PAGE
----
The Congo 50 years on: Our bravest and best
'We were red raw but I'll never regret it until the day I die'
THEY were "red raw" young men who went on the Defence Forces' first-ever overseas peacekeeping mission exactly 50 years ago. They were ill-equipped in bull's wool uniforms for the tropical weather conditions in the Congo -- and 26 of them died in the service of their country.
But the 1,000 Congo veterans who turned up at Casement Aerodrome in Baldonnel, in Dublin, yesterday were told that they had begun a noble peacekeeping tradition which had continued to this day.
Accompanied by a further 1,500 relatives, they commemorated the moment when the first group of 6,100 Irish troops were airlifted from there 50 years ago yesterday using airplanes supplied by the US Air Force.
The cargo listing for the first planeload of troops to the Congo showed they brought along 220,000 Players cigarettes, 156,000 Sweet Afton cigarettes and pounds of Carroll's and Players tobacco. Also on board were 72 bottles of Gold Label whiskey, 72 bottles of gin and 10,000 Blue Gilette razor blades.
Back then, Paddy Cope was an 18-year-old Dubliner who was pictured in the national press saying goodbye to his worried mother. He remembered yesterday that she was telling everybody: "He's me only son". But he and his friend Tony Carroll returned home safely after serving as signalmen -- radio communications operators -- in the Congo.
Another who made it back was James Walsh (now 91) from Midleton, in Cork -- although he had to borrow his wife's wheelchair for the day due to the amount of walking involved. "He was mad to come here," said his daughter Phil, who brought him over to shake hands with Taoiseach Brian Cowen.
Yesterday, the veterans heard Irish Air Corps chaplain Fr Gerry Carroll praise them for the way they had tried to bring peace to the Congo, which had just declared independence under its fiery Prime Minister Joseph Lumumba in 1960.
"Those were high standards you set and to which our present-day soldiers still aim for and adhere to," he said.
The peacekeeping mission was a proud moment for the fledgling Irish State, but its people were deeply shocked to find out that the Congo could be a hostile place. Nine out of 11 soldiers on patrol were killed in the Niemba ambush just three months after the mission began. The name of the tribe responsible -- the Balubas -- later began a term of abuse in Dublin. Tom Kenny, then a 22-year-old in the 33rd battalion, was one of just two men who escaped the ambush. Despite sustaining painful and lasting injuries, the Dubliner insisted he would return to the Congo.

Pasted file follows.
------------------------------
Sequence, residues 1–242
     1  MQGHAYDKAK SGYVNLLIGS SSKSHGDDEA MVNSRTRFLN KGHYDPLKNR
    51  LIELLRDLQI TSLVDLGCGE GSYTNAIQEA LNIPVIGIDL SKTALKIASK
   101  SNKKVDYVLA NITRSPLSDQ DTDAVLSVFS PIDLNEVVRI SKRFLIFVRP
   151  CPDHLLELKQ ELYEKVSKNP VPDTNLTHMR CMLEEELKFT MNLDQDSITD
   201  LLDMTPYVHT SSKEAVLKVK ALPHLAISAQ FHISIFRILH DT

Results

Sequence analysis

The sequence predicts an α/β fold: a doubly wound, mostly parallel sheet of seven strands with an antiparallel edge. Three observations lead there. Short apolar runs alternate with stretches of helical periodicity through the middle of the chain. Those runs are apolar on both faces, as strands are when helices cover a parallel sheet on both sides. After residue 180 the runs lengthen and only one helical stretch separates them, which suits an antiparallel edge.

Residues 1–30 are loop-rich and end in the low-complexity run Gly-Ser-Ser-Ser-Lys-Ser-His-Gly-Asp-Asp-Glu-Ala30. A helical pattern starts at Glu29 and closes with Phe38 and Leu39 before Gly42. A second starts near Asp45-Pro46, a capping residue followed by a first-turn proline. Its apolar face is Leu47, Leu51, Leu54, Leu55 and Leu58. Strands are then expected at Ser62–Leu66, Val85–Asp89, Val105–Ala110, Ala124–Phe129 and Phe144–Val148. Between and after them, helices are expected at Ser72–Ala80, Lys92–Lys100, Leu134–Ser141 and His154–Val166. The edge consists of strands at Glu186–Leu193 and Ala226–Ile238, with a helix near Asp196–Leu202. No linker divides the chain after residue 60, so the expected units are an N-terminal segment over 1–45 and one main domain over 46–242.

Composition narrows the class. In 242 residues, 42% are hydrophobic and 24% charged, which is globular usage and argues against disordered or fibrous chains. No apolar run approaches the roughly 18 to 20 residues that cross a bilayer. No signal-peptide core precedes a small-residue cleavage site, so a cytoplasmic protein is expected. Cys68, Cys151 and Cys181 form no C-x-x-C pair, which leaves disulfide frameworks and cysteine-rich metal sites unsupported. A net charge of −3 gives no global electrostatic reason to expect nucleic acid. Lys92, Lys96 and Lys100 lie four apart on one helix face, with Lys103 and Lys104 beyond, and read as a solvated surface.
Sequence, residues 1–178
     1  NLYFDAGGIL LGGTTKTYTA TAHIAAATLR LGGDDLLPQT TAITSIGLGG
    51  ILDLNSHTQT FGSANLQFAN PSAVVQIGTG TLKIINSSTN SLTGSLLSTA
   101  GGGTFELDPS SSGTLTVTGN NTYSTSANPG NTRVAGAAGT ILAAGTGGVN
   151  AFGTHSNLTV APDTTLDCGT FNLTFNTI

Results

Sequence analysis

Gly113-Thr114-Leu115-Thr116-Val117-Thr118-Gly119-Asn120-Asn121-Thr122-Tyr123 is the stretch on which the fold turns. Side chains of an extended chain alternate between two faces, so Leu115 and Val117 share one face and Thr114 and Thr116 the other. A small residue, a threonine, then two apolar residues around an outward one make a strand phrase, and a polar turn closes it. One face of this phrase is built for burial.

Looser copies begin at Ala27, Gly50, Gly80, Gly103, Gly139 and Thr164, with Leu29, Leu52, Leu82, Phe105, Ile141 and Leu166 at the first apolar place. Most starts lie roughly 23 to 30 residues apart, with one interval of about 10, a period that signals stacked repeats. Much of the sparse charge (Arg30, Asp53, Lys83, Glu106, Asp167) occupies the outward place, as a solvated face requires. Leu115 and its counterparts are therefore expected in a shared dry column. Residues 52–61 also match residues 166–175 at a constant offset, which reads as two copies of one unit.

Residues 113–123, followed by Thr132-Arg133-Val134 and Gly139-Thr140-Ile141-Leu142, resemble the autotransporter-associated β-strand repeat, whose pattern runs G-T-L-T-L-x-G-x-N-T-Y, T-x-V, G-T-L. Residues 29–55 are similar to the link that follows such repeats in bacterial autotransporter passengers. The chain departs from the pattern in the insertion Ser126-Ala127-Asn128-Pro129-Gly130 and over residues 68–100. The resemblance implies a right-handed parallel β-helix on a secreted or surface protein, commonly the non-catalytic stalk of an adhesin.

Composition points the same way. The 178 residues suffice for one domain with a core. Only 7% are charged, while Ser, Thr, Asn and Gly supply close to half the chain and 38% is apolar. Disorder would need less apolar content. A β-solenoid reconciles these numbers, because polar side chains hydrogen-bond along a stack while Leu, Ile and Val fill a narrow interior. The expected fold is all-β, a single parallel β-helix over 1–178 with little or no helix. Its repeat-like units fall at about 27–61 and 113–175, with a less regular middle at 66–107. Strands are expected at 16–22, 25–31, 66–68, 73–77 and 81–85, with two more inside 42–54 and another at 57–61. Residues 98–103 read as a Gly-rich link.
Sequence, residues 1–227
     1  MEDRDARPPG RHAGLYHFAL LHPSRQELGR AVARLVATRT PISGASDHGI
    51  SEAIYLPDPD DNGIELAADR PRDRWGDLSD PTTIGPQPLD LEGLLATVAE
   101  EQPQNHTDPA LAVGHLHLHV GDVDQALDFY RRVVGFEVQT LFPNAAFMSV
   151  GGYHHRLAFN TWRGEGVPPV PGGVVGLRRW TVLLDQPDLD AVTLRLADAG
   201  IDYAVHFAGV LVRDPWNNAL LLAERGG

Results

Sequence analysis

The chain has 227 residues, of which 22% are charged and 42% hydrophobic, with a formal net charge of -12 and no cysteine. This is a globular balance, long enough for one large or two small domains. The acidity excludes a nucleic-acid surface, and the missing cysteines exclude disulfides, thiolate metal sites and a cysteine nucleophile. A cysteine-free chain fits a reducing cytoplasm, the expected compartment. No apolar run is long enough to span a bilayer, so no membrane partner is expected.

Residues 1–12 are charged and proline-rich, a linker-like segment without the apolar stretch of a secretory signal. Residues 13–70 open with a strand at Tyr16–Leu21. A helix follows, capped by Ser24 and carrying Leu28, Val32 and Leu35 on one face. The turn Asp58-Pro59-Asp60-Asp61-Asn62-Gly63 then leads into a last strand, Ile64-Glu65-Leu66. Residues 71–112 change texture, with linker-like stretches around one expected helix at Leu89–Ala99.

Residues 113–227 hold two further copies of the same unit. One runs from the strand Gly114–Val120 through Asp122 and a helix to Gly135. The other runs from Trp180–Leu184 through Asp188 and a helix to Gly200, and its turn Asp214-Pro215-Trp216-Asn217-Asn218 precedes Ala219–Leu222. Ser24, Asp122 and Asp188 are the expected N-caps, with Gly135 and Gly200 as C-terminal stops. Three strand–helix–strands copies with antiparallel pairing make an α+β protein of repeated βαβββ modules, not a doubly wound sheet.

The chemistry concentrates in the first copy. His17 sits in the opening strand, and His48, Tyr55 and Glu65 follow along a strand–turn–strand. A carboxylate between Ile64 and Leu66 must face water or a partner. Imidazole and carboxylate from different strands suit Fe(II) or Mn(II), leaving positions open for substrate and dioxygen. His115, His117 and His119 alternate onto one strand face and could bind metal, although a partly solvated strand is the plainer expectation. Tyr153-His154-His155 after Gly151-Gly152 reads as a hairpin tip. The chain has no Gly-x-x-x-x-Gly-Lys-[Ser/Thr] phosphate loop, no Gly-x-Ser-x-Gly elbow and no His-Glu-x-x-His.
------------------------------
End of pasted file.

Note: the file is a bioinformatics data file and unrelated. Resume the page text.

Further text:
"We were red raw. We weren't tutored enough to say what could or might happen -- unfortunately it did happen," he said.
"But I'll never regret it until the day I die, I would've loved to be able to go back over."
At Casement Aerodrome, Mr Kenny was reunited with old friends for a special commemoration. "It's exactly like yesterday to me, it hasn't changed," he said.
"We shared a cigarette, we shared a pint, we shared joys and we shared sorrows. You can't take that away from anybody."
The early peace-keeping tactics adopted by the Irish troops included having dinner with village chiefs in the Congo and presenting one of them with "eggs and biscuits and a dart board". They themselves had to eat American army rations, which contained biscuits so hard that they had to be soaked in water to make them edible.
"We called them dog's biscuits," said former Sergeant William O'Reilly (now 68), who served there with his younger brother John (now 66).
Mr Cowen said it must never be forgotten that the deployment of the "peace pathfinders" had come at a huge cost.
"It was to see Irish soldiers taking part in very serious fighting, suffering fatalities and injuries," he said.
During his speech, Mr Cowen singled out for praise the 156 troops of A Company who had once been unfairly criticised for surrendering after the Battle of Jadotville in the Congo in 1961. He said they had been attacked by more than 3,000 heavily armed mercenaries and police belonging to the breakaway Katangan province.
"A heroic and remarkable defence saw A Company inflict heavy casualties without suffering a single loss of life. Only severe shortages of ammunition, food and water brought about capture," he said.
Mr Cowen made it clear that a future peacekeeping mission was still possible despite the withdrawal of troops from Chad and the crisis in the public finances.
The remaining 13 Irish troops in Chad are due to return home shortly.